A review of gas-surface interaction models for orbital aerodynamics applications

Sabrina Livadiotti*, Nicholas H. Crisp, Peter C.E. Roberts, Stephen D. Worrall, Vitor T.A. Oiko, Steve Edmondson, Sarah J. Haigh, Claire Huyton, Katharine L. Smith, Luciana A. Sinpetru, Brandon E.A. Holmes, Jonathan Becedas, Rosa María Domínguez, Valentín Cañas, Simon Christensen, Anders Mølgaard, Jens Nielsen, Morten Bisgaard, Yung An Chan, Georg H. HerdrichFrancesco Romano, Stefanos Fasoulas, Constantin Traub, Daniel Garcia-Almiñana, Silvia Rodriguez-Donaire, Miquel Sureda, Dhiren Kataria, Badia Belkouchi, Alexis Conte, Jose Santiago Perez, Rachel Villain, Ron Outlaw

*Corresponding author for this work

Research output: Contribution to journalArticlepeer-review


Renewed interest in Very Low Earth Orbits (VLEO) - i.e. altitudes below 450 km - has led to an increased demand for accurate environment characterisation and aerodynamic force prediction. While the former requires knowledge of the mechanisms that drive density variations in the thermosphere, the latter also depends on the interactions between the gas-particles in the residual atmosphere and the surfaces exposed to the flow. The determination of the aerodynamic coefficients is hindered by the numerous uncertainties that characterise the physical processes occurring at the exposed surfaces. Several models have been produced over the last 60 years with the intent of combining accuracy with relatively simple implementations. In this paper the most popular models have been selected and reviewed using as discriminating factors relevance with regards to orbital aerodynamics applications and theoretical agreement with gas-beam experimental data. More sophisticated models were neglected, since their increased accuracy is generally accompanied by a substantial increase in computation times which is likely to be unsuitable for most space engineering applications. For the sake of clarity, a distinction was introduced between physical and scattering kernel theory based gas-surface interaction models. The physical model category comprises the Hard Cube model, the Soft Cube model and the Washboard model, while the scattering kernel family consists of the Maxwell model, the Nocilla-Hurlbut-Sherman model and the Cercignani-Lampis-Lord model. Limits and assets of each model have been discussed with regards to the context of this paper. Wherever possible, comments have been provided to help the reader to identify possible future challenges for gas-surface interaction science with regards to orbital aerodynamic applications.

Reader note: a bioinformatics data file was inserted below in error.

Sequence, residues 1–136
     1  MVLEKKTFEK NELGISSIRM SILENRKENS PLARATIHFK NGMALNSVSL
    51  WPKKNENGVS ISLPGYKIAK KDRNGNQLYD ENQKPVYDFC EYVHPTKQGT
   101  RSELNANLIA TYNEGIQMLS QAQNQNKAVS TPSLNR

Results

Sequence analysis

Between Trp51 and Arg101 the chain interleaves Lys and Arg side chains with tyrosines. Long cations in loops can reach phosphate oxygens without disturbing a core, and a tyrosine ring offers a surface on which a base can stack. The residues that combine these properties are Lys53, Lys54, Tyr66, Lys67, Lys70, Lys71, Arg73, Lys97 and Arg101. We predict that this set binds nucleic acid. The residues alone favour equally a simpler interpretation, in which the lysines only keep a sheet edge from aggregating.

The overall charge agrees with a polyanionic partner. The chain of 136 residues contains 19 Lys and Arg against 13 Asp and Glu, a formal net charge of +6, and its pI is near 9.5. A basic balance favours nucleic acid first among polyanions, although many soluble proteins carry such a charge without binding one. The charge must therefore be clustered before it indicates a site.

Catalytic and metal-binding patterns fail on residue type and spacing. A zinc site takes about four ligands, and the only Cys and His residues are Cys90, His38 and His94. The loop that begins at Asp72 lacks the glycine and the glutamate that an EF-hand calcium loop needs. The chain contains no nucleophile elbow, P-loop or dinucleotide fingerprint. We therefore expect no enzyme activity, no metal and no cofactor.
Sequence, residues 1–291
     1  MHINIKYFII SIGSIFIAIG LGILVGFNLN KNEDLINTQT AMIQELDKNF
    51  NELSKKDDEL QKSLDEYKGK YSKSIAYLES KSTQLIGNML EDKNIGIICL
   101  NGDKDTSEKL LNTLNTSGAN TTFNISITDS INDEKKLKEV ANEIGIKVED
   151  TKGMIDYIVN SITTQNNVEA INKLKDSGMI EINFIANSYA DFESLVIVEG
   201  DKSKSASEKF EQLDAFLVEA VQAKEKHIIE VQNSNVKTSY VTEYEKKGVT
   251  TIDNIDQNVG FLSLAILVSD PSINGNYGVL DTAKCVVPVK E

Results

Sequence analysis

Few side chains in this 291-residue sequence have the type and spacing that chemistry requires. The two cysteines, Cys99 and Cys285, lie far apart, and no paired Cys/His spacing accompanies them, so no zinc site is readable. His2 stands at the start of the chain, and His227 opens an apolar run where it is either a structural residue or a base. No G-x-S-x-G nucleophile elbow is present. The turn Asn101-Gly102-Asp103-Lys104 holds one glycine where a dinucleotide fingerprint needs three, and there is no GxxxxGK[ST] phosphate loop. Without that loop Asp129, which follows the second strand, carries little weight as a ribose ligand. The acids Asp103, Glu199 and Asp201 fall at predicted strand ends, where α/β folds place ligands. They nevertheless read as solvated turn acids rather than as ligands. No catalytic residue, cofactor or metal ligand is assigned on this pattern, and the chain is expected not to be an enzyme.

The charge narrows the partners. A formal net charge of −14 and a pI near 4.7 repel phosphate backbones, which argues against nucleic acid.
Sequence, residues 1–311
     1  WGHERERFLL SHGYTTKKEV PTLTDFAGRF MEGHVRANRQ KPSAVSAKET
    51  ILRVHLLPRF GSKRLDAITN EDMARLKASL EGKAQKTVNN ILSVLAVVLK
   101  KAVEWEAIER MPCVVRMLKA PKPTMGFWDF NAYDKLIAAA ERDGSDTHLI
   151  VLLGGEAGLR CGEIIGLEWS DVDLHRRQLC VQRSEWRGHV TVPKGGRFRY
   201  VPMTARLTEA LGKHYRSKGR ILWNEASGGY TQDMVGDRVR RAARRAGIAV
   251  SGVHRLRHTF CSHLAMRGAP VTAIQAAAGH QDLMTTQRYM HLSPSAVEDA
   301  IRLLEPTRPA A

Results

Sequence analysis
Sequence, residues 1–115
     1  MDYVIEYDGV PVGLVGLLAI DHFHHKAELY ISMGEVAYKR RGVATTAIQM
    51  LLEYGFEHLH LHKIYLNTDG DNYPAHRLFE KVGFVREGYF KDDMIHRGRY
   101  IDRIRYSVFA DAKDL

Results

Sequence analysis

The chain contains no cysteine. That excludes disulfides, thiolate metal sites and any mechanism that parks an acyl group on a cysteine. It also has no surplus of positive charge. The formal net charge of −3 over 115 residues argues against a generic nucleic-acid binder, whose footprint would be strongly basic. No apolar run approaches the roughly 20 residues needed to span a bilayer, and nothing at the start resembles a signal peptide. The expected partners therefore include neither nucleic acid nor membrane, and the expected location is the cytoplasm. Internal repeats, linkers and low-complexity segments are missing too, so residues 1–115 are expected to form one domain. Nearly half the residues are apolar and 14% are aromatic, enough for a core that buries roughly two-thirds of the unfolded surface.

Original languageEnglish
Article number100675
JournalProgress in Aerospace Sciences
Publication statusPublished - 27 Nov 2020

Bibliographical note

Funding Information:
The DISCOVERER project has received funding from the European Union's Horizon 2020 research and innovation programme under grant agreement No 737183. Disclaimer: This publi-cation reflects only the views of the authors. The European Commission is not liable for any use that may be made of the information contained therein.


  • Gas-surface interaction
  • Orbital aerodynamics
  • Very low earth orbit


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